Food and sustenance are the two great priorities for everyone having a prolonged stay in the wild. When you find yourself in the wilderness, whether camping, hiking, or perhaps in a survival situation, making sure your food supplies will last for as long as possible is a priority. To help ensure this, we often turn to nature for food, replenishment and sustenance. One of these elements is the abundant plant life all around us. To take the best advantages of what our surroundings have on offer we need to familiarize in detail with the edible plants that are most commonly used as food, both raw, in broths as well as tea.
The important thing to regard is the abundance of edible plants, but also the abundance of plants with harmful effects, or straight forward poisonous and deadly. Carefully study the extensive online guides, books and articles on plant life to know with certainty which are edible and which are not.
A good first step is to always follow a general set of rules and principles in order to avoid mistakes and bad outcomes.
Unless you identify a plant as edible with certainty, always follow these steps:
- Always suspect brightly colored plants and fruits.
This can be the nature’s way of placing a danger sign. Bright colors and patterns usually denote a poisonous plant. Learn to avoid these unless you are certain it is safe to consume.
- Always avoid plants with prickly and barbed leaves.
Some plants you might encounter are covered stem and leaf with tiny barbs or hooks that resemble hairs. These can irritate your skin, mouth and stomach, so avoid all contact with them.
- Always suspect and avoid bitter tasting fruits and plants.
Another of nature’s tell tale signs of an inedible plant or fruit is a sharp or bitter taste. And it’s the very reason our bodies are repulsed by bitter taste, they know something is not right about it. Avoid these plants.
- Always suspect plants that produce a milky liquid sap.
Some plants that produce this sap are safe to consume, such as dandelion, but more often this is a sign of inedibility. Consider with care and avoid.
Never rush to a hasty decision, no matter the circumstances. Think twice and look for established signs of approved plants or poisonous ones. Following are just a few of the most common plants you can encounter and consume in the outdoors.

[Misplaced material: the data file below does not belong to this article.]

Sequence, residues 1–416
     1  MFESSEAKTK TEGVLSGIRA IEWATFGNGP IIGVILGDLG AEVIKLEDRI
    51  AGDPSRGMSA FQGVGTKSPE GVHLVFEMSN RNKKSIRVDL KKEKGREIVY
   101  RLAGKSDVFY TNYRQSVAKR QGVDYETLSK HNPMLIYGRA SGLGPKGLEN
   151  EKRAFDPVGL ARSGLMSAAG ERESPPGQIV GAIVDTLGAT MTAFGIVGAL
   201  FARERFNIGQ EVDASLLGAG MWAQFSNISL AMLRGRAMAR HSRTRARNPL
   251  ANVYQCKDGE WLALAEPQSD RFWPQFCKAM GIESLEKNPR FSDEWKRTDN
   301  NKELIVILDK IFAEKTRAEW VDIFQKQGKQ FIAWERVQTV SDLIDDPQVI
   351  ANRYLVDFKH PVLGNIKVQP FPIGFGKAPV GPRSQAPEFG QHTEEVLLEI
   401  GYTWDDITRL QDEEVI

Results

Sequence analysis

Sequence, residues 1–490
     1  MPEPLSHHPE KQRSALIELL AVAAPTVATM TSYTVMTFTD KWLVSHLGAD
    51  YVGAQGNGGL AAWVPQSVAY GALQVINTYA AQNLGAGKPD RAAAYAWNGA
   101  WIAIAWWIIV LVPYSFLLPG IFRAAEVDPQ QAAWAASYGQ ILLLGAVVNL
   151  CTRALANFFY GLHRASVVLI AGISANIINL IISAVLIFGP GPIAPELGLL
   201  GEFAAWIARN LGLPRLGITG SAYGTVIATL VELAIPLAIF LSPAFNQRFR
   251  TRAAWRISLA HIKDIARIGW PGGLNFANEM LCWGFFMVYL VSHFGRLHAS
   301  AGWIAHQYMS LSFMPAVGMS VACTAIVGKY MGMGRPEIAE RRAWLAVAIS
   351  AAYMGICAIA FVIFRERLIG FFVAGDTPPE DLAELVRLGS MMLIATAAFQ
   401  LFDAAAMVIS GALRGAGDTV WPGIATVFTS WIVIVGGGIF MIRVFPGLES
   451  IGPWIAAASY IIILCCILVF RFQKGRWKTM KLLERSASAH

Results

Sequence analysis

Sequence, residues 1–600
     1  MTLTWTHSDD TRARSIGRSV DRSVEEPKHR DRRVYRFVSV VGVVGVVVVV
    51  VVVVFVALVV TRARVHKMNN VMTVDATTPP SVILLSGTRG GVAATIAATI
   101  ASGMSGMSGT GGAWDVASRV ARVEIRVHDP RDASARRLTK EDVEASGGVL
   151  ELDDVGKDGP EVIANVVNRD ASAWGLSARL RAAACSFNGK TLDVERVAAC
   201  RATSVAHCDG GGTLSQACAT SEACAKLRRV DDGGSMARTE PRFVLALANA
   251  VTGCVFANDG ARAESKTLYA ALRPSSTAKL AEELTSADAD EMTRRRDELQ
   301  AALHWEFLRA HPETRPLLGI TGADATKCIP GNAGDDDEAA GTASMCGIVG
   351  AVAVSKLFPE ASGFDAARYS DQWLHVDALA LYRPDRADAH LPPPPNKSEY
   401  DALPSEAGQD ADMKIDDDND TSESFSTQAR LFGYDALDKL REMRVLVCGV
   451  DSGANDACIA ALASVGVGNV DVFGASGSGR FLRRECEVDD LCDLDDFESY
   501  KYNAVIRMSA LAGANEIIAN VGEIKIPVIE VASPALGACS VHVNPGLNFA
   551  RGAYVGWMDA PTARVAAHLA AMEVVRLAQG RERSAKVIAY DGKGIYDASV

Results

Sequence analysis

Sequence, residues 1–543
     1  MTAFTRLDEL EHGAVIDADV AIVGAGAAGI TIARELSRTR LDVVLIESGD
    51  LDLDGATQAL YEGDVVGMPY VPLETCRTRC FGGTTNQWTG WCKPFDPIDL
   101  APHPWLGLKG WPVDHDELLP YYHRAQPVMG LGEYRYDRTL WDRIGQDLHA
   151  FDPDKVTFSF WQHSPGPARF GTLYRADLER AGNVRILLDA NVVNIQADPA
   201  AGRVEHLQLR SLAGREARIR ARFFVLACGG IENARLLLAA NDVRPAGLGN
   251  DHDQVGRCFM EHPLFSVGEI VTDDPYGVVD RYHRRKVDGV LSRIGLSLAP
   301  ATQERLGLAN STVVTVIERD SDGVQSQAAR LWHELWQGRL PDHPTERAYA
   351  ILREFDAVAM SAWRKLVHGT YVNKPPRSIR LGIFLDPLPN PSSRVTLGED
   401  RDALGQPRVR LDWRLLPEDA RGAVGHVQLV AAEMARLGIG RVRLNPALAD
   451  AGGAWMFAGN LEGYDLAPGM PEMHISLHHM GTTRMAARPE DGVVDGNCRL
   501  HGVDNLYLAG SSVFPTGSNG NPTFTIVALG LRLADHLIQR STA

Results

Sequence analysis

- Dandelion –
Dandelion family of plants has been gathered as food all the way back since prehistoric times, and is found on all continents. These common plants can be consumed in several ways and are often found as a part of several traditional national cuisines. Young dandelion leaves can be eaten raw, while the old ones should be boiled first and preferably blanched, as a way to remove the bitter taste they possess. Dandelion roots can be boiled, or ground and roasted, in order to produce dandelion coffee. Fresh, young leaves contain an abundance of vitamins and minerals, and are a valuable source of calcium and iron.
- Cowslip –
Cowslip is the name for a species of Primrose, namely Primula Veris, and is another of common plants mentioned form earliest history. All parts of this plant are edible, with young, fresh leaves particularly beneficial. Traditionally, Cowslip has been used as a salad meal, so raw consumption is probably the best choice. Other closely related Primrose species such as Oxslip, are also edible, with slight differences in appearance and region of growth. Similar to others, Cowslip also contains a good dose of valuable minerals and vitamins.
- Cattail –
Typha, or Cattail as it is commonly known, is one of those unique plants that can be recognized with ease. But the fact that many overlook, is the edible parts of this plant that have been consumed for 30 millenniums. The rhizomes of this plant are edible and nutritious, and can also be used to produce flour. They are rich in protein and similar in value to rice. All in all, this commonly found plant is usually overlooked, but can help immensely in dire situations.
- Plantain –
These plants are mostly known for their use in medicinal purposes, due to their many medical aspects. With this in mind, drinking plantain tea besides your campfire can help immensely with cough, or generally improve health. The broad leaves can also be eaten raw when young and are abundant with vitamins, particularly vitamin C. Older leaves are too fibrous to be eaten raw, they can be instead cooked in stews. Do not avoid this plant when you have a chance.
These four plants we chose are just some of the most common plants you can encounter. Others include nuts such as pine, walnut, oak and hazel; fruits such as brambles, juniper, barberries and dewberries; or plants like white mustard, buckwheat, asparagus or parsnips. The nature around us is filled with useful and diverse plant life, but it can often possess dangers as well. Never rush into consuming something if you are not 100% certain of safety. Research books and articles before hand and memorize pictures and details of each plant. In the end, if you’re looking for a healthy meal, or a warm herbal tea while on your camping trip – get out and start gathering!